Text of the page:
Vanilla? Hm. Vanilla is a spice.
Sometime ago I suggested – merely a kind suggestion, mind you – to a submissive woman in training to follow the basic rules of dog training. The sub reacted furious and shocked and said ” I’m not asking my dominant to buy a dog collar or a book “how to train dogs”. I think she was really offended and never even suggested it to her Dominant. She should have of course, it is a wonderful idea. You will agree with me as well, at the conclusion of this post. Now this is basic dog training. I only changed the word dog to sub, really. You’re still with me? Great! Let’s go. The twelve general rules of training Subs:
1. Training should be an enjoyable experience for you and your sub.
If you are not in the right mood for training, don’t even start. Keep training sessions short, on the order of 5-10 minutes, to maintain your sub’s motivation. If your sub doesn’t respond appropriately to a command after several attempts, don’t reward her. Resume training a few seconds later using a simpler command. Return to the more complex task later. Always end training on a positive note. Ask your sub to respond to a command you know she will obey. Then reward her for a job well done and issue a finish command such as “free” or “release.” Avoid common words such as “okay.” Following a training session, both dominant and sub should be left with a feeling of accomplishment.
2. Every sub should be familiar with the basic obedience commands, including come – yes not only come here – heel, sit, down and stay. Teaching your sub to sit-stay and down-stay off leash is also a valuable lesson. Additional commands that are useful include: leave it, give it, stop it, and enough or cease. Keep in mind that a sub’s motivation to respond to a command decreases as the complexity of the task increases. The odds of success, hinge not only on the degree of sophistication of the task but also your sub’s motivation to respond. From a sub’s perspective the question is, which is more rewarding, talking to a friend on the phone or returning to the dominant? Understanding this aspect will increase your patience and chances for success.
3. Training should not involve any negative or punishment-based components. There should be no yelling, no hitting, no chain jerking, no hanging, and absolutely no electric shock. Each session should be upbeat and positive with rewards for jobs well done. Remember that the opposite of reward is not punishment; it is no reward. If you ignore unacceptable responses, your sub will not be rewarded for her failed response. Most subs want to please their dominant or, at the very least, to obtain highly valued resources (food, attention and toys).
4. Ensure that your sub’s motivation for reward is highest during a training session. If food is the reward, train before a meal, not after. If praise, petting and other aspects of your attention are to be used as a reward, schedule the training session at a time when your sub hungers for your attention (for example, after you have returned from work). For complex tasks, such as the off leash down-stay, your sub will be more motivated to comply if she has received moderate exercise before the training session. Asking a sub that is bursting with energy to remain in a prolonged reclining position is asking for failure during the early stages of training.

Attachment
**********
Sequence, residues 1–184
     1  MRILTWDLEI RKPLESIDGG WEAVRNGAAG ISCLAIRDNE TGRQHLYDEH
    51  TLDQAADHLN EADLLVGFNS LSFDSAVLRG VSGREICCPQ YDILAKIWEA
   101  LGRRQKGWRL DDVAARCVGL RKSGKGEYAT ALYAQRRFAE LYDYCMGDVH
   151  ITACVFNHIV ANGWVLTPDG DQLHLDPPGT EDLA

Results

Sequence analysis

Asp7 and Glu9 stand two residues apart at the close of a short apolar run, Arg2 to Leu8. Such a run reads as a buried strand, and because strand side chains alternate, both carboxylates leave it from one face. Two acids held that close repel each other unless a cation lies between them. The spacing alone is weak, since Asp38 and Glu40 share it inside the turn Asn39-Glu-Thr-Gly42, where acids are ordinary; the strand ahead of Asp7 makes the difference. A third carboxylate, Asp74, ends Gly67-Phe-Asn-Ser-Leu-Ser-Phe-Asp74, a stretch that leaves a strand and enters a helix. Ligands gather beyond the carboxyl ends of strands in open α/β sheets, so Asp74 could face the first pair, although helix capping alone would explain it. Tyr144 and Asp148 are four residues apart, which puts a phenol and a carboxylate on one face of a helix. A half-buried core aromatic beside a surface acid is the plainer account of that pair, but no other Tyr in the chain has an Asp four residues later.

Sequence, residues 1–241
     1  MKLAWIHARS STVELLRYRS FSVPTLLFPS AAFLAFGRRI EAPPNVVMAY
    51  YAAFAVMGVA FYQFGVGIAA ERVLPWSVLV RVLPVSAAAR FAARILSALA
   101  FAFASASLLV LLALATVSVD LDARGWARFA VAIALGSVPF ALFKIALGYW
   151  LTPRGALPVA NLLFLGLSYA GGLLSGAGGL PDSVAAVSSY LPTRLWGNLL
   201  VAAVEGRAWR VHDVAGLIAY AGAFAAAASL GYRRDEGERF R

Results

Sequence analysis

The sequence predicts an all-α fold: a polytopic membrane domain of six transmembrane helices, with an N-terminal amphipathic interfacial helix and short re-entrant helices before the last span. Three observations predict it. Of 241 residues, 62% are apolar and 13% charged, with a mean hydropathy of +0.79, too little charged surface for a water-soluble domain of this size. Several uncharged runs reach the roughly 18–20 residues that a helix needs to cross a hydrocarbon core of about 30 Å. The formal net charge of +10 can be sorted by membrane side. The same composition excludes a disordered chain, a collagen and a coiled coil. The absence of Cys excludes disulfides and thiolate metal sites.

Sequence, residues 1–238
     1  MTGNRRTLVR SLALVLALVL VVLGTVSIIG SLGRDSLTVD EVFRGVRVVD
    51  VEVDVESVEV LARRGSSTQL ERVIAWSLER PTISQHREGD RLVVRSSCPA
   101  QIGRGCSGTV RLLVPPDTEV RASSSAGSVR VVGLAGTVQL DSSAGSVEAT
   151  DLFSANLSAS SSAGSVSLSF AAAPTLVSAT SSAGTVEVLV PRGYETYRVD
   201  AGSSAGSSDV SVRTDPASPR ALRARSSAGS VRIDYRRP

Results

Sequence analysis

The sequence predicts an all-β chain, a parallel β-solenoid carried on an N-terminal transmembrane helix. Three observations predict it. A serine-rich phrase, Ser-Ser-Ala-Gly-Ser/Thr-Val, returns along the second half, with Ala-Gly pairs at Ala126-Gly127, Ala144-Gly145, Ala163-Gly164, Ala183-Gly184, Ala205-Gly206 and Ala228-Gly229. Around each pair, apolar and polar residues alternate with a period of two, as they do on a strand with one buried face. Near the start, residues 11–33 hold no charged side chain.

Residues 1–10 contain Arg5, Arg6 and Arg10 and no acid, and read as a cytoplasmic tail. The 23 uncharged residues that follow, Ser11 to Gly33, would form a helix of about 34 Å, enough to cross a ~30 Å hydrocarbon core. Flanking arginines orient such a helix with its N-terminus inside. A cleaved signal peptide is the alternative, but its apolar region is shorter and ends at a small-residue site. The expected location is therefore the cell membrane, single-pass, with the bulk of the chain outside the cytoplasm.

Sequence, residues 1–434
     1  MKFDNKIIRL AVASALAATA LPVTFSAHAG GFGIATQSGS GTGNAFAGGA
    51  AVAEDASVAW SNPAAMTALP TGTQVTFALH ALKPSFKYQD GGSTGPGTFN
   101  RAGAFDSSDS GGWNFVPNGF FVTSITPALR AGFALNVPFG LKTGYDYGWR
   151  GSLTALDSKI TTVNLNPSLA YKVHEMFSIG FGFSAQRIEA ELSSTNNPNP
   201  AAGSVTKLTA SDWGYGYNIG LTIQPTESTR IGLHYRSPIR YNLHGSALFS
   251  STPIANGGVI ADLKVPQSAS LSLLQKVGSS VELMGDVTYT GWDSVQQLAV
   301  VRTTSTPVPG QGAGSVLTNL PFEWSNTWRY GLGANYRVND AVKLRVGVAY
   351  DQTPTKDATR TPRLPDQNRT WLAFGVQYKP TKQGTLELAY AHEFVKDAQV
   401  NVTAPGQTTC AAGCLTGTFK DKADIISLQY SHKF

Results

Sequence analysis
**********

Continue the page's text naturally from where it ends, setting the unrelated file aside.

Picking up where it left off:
5. Make sure the reward you offer in training is the most powerful one for your sub. Food-motivated subs work well for food, but the treats used should be favorite foods for the sub, such as small pieces of cheese or chocolade. You want your sub to be strongly motivated to obey commands to receive the treat. Food treats, if used, should be small – no bigger than the size of your little fingernail. The texture of the treat should be such that it does not require chewing and should not crumble, otherwise you will lose your sub’s attention as she hoovers up the crumbs. Large treats, like Candy Bars, take too long to eat, causing the sub to lose attention. If praise is used as a reward, deliver it in high singsong tones, which are most pleasing for the sub. Also, enthusiasm in your voice will be much appreciated. “Good girl!” If petting is to be used as a reward, it should be in a way that the sub enjoys, such as stroking the sub’s hair in the same direction that it grows, or stroking her on the chest. Note: Petting on top of the head is not appreciated by most subs.
6. Timing of the reward is important. After a correct response, reward your sub within ½ hour of the command to ensure that your sub makes the connection between her behavior and the reward.